With his stand-up work done for by Covid, how did he take to being a full-time stay-at-home dad?

‘Once I got over the initial fear we all had at the beginning of this… that first two weeks of it was total dread, thinking this is going to be even worse than it panned out to be.

‘Once I came to terms with that, and that I wasn't getting any work and I wasn't getting any money – which was quite tricky – I absolutely loved the first lockdown. I've spent the last 15 years just chasing my tail, running around from A to B, driving everywhere, trains, hotels, gigs. My choice, I loved it, but it's been really, really full on.

‘And then since the kids have been born, even more so with all of the writing stuff and online that I was doing.

‘What was nice, wasn't just spending time with my kids because I do that a lot, but spending time with them and not having to think: “I've got to drive to Stockport tonight”, or “I've got to finish this thing”.

‘It was just living in the moment, probably for the first time in my adult life.

‘That was the first three months, then it did start to get to me a bit, and I did start to miss doing what I do and I supposed I didn't realise how cathartic it is doing comedy.

‘What's great about doing all the parenting stuff is you get a lot of comments from people saying: “Thanks for making me feel I'm not the only one”, or “I'm not alone”, which is not what I intended. I just wanted to make people laugh, but that's an amazing by-product.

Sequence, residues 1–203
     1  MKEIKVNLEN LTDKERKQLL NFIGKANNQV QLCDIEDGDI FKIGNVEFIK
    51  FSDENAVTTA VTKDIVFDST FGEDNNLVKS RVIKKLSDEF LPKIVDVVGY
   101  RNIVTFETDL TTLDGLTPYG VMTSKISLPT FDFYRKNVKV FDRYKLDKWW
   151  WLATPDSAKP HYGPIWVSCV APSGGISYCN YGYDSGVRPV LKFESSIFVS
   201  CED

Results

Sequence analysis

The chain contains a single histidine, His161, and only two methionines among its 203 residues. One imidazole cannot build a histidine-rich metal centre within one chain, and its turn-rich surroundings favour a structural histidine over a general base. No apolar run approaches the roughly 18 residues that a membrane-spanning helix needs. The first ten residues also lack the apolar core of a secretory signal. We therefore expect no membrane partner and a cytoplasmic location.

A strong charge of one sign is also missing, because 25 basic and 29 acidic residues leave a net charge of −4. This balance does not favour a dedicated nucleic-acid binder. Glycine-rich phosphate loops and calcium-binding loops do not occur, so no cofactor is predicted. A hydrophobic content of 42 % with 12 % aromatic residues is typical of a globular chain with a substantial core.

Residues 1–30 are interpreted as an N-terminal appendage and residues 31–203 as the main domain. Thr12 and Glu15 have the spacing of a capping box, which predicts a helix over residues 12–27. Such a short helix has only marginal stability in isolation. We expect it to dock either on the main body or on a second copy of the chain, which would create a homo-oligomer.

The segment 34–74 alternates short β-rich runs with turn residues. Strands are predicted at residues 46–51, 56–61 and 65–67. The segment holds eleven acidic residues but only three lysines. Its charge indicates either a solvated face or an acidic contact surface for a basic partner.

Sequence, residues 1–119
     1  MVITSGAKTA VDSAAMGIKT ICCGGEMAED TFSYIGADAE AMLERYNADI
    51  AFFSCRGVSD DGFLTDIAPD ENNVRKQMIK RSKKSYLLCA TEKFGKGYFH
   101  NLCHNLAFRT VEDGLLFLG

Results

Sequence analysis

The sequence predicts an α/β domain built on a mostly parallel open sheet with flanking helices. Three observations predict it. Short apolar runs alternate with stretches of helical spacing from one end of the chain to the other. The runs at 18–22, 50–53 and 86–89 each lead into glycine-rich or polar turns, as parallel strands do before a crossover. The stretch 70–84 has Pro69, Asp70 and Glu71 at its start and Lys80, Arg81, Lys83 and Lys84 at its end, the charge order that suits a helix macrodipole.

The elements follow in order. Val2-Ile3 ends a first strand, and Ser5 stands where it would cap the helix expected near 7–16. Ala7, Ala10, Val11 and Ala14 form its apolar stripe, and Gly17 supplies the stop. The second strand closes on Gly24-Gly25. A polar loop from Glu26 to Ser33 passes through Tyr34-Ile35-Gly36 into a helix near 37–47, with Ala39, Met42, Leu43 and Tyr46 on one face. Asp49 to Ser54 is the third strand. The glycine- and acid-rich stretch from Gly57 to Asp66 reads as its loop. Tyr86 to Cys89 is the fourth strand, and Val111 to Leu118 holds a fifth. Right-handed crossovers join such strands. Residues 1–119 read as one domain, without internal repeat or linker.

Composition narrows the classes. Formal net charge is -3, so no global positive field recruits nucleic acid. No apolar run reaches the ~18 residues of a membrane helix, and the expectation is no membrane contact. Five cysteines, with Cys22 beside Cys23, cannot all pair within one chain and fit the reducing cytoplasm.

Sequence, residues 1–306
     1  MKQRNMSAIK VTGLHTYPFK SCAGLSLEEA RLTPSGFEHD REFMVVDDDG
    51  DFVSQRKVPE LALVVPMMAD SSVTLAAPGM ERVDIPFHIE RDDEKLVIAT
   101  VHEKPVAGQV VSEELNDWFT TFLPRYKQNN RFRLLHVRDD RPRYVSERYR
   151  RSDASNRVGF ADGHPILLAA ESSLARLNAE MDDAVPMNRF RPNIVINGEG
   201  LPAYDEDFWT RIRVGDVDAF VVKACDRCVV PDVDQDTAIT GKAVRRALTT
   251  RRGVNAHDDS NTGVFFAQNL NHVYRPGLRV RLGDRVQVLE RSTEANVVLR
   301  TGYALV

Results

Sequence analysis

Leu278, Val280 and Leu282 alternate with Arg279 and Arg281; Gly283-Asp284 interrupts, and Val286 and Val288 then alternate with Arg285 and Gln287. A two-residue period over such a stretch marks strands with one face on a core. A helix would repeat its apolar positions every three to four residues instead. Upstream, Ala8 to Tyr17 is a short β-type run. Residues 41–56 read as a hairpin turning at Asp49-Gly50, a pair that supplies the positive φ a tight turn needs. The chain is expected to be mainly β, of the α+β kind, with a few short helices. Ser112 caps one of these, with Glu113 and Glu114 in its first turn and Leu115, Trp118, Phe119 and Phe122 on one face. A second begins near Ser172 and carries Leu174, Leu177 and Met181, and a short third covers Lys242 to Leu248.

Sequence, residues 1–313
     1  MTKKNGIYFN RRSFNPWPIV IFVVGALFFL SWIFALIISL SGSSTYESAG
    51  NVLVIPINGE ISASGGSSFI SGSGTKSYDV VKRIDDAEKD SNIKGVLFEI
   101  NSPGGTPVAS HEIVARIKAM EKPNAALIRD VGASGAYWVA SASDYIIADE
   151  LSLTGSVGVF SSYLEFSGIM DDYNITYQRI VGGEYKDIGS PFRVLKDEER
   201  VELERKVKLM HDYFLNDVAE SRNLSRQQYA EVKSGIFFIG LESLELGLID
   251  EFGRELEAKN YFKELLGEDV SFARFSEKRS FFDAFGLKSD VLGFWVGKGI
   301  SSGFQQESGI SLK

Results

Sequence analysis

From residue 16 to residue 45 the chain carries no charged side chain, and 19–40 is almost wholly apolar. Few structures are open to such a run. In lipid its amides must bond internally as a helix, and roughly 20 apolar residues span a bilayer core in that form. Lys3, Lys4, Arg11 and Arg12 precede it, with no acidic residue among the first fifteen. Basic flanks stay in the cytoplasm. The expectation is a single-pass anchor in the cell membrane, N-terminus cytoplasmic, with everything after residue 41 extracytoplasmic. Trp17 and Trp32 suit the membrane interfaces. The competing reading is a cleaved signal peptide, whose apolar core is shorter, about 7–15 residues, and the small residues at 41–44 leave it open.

‘Selfishly, I'm doing this for myself to check that I'm not the only one feeling that way! I was hoping I wasn't the only one feeling that way, but I was just saying it because I thought it was funny. I missed that bit.

‘I completely immersed myself in spending time with my kids. They were four at the start of the pandemic. When I look at videos on my phone from April/May 2020 they can barely speak properly. Now they're so much taller and having conversations, which is great, but there's also a part of you that yearns for the past.’

How are the boys doing now?

‘They're absolute weirdos. I think we're all weirdos, but we suppress it as we get older don't we?

‘I'm their dad so I think they're the most handsome things that walk this earth, obviously, because I'm biased – but they're able to pull the most ugly faces and doing this weird dancing, or in the kitchen they’re asking: “Daddy can I be your pet tortoise?” If you want, I'm just trying to make a coffee!’

In recent months, Sam’s blog and online posts have started shifting away from the parenting material and on to other subjects.

‘Yeah, it’s been really liberating,’ says Sam. ‘Not that I've found that the parenting stuff was limiting – but that age between zero and four is absolutely ridiculous, things happen every day.